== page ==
Golf Buzz

July 15, 2016 - 12:07pm
Posted by:
T.J. Auclair
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Nicolo Ravano
It's very rare to see a score of 59 in an 18-hole round of golf. On Friday, it happened in the rarest fashion ever when Challenge Tour player Nicolo Ravano holed out for eagle from the fairway on the final hole for his 12-under 59.

We take this short break from Open Championship coverage to show you arguably the most dramatic way to card a 59 imaginable.

Nicolo Ravano -- playing in the Challenge Tour's Challenge de Espana on Friday -- holed out for eagle on his final hole to card the historic 12-under 59.



According to the Challenge Tour, Ravano didn't know he shot just the second official 59 in the history of the European, Challenge and Senior Tours until he reached the green.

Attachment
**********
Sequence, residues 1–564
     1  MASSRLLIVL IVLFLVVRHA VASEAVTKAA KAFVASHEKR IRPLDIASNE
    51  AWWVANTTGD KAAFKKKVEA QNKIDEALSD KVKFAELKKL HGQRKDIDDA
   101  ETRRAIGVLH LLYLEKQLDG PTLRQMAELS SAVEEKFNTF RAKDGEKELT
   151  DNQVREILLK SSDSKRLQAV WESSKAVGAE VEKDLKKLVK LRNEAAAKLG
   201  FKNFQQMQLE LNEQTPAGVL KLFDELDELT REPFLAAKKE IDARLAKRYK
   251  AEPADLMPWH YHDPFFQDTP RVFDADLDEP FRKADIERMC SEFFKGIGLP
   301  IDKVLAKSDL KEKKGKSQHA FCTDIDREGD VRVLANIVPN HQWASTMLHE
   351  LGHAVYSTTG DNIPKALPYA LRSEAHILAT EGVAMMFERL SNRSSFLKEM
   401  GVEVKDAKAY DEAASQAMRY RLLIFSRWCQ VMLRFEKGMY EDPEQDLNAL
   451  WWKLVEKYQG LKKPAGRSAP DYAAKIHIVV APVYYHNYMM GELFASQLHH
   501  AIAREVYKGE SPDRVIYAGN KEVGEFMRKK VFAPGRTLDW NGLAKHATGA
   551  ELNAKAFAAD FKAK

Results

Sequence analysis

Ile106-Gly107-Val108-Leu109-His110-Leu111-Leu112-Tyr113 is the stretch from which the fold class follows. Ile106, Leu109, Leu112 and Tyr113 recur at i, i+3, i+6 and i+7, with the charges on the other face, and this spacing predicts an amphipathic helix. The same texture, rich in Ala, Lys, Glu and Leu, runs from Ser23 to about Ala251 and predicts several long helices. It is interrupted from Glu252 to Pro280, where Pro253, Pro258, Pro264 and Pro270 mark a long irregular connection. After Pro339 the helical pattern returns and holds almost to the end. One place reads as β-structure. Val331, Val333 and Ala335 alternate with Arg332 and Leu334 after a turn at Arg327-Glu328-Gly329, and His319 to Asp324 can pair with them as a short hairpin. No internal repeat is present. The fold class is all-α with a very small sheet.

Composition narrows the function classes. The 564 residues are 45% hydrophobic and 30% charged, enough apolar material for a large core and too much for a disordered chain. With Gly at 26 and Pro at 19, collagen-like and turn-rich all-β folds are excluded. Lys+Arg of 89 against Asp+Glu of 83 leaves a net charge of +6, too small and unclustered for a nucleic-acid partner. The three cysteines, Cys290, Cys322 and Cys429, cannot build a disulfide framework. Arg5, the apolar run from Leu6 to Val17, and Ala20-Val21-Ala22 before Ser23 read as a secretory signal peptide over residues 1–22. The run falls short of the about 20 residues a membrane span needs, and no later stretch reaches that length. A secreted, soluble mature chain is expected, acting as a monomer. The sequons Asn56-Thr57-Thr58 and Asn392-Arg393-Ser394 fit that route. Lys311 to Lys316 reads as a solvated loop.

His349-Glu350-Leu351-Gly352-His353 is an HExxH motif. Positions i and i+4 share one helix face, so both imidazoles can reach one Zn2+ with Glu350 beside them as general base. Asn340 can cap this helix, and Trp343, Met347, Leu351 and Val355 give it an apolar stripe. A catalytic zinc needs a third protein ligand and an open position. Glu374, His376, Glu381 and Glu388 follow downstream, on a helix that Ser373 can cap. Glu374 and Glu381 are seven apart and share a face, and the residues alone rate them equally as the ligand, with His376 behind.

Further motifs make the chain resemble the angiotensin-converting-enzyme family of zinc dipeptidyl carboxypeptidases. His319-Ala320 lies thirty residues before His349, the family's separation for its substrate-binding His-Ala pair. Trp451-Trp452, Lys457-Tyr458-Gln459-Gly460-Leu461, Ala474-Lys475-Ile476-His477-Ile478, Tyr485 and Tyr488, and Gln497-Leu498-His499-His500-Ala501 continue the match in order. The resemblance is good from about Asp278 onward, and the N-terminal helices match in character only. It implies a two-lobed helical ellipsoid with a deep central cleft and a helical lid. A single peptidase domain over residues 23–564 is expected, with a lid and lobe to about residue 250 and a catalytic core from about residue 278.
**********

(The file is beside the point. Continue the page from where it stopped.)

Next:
Here was his reaction:



From the European Challenge Tour:

“It is a great, great feeling,” said Ravano, whose previous career best over 18 holes was eight under par.

“Throughout today I just played safe and gave myself a lot of chances for birdie. Then I went out and holed a lot of putts – I have never putted as well in my life – so am very happy.

“Walking down 18 nobody clapped so it was a really nice surprise to find that it had gone in the hole.

“I was afraid that the ball was spinning out of the green and in to the bunker – when I didn’t see it was on the green that’s what I was looking at.

“There was a ball on the fringe and I thought it was mine. But the caddy of Joseph [Dean] told me ‘it’s in’ and it was a great moment.

“When I realised it was 59 I was very proud as you don’t see many of those. I am hoping I can make it happen again and get it done. I now have to keep the momentum going over the weekend.”